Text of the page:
Google’s charitable arm is today announcing several grants and donations aimed at helping the residents of Flint, Michigan respond to their ongoing water crisis. With a total amount of $250,000, the funds will be used to pay several local researchers and address health concerns connected with drinking the poisoned water.
The cash won’t solve the crisis. The city and state estimate it tens of millions of dollars and many man hours are needed to do that. Yet this money is wisely earmarked in strategic ways that will make it go far.
Google.org reached out to TechCrunch and explained that $150,000 will be used for teams of researchers at Flint and Ann Arbor University of Michigan campuses with the goal of developing a comprehensive data platform. This system will then be available to government and local community leaders and able to assist in making decisions about the water crisis.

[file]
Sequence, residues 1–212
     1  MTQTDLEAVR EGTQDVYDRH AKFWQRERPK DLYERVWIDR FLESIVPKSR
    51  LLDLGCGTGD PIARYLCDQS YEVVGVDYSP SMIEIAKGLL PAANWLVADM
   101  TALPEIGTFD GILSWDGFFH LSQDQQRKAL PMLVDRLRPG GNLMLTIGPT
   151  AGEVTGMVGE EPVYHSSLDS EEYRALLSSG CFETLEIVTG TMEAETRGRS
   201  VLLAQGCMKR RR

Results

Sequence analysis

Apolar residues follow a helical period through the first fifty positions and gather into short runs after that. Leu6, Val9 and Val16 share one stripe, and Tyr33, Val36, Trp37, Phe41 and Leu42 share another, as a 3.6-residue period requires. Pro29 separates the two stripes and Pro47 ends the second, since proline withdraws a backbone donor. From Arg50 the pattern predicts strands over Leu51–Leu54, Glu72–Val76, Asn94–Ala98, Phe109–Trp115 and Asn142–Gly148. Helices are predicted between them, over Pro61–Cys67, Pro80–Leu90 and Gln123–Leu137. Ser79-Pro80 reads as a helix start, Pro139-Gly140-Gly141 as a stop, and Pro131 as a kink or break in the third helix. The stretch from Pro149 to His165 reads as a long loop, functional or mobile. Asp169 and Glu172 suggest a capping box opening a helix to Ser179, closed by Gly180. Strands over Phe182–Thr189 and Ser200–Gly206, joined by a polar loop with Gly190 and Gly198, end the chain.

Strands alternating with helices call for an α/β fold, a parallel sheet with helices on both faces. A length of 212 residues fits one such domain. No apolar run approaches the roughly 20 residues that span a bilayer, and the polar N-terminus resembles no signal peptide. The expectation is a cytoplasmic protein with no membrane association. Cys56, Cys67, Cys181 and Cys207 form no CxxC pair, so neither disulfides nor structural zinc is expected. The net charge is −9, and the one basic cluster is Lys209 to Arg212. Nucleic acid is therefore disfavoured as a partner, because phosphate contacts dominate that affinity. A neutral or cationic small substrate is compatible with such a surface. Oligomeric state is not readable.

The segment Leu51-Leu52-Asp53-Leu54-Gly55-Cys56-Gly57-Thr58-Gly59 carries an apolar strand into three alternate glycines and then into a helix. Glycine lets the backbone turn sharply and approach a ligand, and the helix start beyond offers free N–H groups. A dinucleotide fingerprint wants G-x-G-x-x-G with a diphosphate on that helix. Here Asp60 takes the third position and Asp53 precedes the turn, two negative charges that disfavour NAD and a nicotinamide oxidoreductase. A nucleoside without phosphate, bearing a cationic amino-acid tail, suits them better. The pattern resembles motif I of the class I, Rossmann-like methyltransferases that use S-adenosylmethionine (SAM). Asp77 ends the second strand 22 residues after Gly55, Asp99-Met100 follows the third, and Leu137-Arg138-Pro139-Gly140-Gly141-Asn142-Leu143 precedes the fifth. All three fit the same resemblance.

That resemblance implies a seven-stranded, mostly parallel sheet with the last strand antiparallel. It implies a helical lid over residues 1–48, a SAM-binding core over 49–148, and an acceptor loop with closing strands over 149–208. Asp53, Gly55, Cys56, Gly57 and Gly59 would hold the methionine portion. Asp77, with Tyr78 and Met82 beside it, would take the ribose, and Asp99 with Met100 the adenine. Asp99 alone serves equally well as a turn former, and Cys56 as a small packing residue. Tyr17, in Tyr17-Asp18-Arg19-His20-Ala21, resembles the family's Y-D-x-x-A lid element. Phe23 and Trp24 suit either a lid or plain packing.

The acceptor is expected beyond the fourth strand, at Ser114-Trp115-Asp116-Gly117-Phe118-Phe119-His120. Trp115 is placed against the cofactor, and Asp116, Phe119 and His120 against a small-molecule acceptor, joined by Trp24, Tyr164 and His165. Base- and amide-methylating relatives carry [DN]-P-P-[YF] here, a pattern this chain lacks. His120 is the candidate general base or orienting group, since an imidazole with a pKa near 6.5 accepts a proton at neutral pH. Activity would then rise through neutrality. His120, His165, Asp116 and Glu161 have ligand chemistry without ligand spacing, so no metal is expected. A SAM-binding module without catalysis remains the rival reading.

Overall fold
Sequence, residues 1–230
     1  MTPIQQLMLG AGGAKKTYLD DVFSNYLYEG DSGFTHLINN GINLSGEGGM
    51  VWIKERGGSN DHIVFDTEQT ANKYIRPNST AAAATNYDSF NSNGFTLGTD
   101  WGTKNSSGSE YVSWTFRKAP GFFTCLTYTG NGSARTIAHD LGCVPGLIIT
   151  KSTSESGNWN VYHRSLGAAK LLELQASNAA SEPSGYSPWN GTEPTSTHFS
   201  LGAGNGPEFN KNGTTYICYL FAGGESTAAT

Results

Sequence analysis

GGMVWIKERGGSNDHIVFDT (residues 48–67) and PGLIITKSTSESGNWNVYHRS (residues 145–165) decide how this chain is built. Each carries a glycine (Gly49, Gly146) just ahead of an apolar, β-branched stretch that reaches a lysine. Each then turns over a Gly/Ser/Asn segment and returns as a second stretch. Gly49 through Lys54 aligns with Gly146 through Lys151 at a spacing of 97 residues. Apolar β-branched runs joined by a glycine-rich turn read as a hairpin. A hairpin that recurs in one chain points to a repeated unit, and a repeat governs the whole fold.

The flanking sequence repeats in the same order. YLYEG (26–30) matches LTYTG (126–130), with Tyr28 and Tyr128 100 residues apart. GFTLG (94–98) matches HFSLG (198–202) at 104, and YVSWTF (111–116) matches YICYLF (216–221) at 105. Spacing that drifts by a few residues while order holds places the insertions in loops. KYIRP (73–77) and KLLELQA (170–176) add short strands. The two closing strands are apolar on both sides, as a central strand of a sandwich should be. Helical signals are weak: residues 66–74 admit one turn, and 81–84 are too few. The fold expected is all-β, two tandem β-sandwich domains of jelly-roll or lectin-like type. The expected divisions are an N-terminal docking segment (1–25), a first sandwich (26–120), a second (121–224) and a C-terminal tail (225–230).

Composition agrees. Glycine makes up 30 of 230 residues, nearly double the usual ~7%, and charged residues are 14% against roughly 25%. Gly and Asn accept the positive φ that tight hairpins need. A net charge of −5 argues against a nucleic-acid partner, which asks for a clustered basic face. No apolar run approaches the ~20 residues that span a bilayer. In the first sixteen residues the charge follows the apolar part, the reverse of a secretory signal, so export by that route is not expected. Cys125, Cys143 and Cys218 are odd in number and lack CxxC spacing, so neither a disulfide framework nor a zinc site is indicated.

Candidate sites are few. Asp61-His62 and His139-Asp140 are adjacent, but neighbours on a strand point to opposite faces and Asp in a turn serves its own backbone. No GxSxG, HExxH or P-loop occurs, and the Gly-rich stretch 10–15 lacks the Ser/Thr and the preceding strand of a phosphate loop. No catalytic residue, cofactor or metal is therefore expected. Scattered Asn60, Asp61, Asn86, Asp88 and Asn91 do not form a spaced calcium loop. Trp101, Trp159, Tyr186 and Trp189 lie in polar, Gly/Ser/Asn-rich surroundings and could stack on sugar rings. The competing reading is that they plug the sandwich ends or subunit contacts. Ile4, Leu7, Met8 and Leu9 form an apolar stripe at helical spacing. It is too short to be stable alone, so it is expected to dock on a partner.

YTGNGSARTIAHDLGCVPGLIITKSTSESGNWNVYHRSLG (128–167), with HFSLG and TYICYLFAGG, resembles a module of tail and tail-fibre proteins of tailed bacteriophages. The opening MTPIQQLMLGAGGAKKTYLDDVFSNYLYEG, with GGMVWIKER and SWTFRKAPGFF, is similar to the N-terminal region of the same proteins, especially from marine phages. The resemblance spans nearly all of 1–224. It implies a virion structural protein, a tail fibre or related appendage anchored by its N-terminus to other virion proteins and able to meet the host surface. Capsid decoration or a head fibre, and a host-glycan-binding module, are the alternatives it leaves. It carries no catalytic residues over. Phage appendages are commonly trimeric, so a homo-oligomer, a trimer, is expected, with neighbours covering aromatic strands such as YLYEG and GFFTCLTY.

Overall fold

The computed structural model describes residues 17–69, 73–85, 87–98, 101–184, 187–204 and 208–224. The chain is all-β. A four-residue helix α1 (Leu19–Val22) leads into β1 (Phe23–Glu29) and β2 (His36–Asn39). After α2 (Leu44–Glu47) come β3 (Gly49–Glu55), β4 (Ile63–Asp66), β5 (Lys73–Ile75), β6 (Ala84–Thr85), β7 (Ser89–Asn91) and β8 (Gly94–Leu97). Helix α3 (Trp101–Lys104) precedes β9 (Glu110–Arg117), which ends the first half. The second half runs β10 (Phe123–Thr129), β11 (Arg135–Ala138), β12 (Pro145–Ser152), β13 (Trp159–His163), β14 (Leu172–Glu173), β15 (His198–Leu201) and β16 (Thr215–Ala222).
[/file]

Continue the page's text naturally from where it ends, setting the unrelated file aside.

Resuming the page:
A $100,000 will then be given to the Community Foundation of Greater Flint. This local non-profit has been around for 30 years and in response to the water crisis, earlier this year, developed a fund to address the long term health of Flint families and specifically babies who could have been affected by water tainted with lead.
This money comes as Flint, Michigan is attempting to recover after inadvertently poising its residents. This happened after the State of Michigan and local officials switched the local water supply to a corrosive source and did not properly treat the water, causing the water to away at the aging infrastructure and leak lead into the drinking water of some of the 100,000 local residents. Flint was already a town teetering on the verge of utter collapse. Before the water crisis hit, Flint was known as the city General Motors left behind. Now it’s known as Toxic Town.
I live nearby in a suburb of Flint and this water crisis affects the entire area. Google.org’s cash seems well placed. This crisis was caused in part by local officials not having the proper data about the infrastructure. Hopefully the researchers here can help build a system that will prevent other communities from suffering the same fate.
Featured Image: Perry Rech/American Red Cross/AP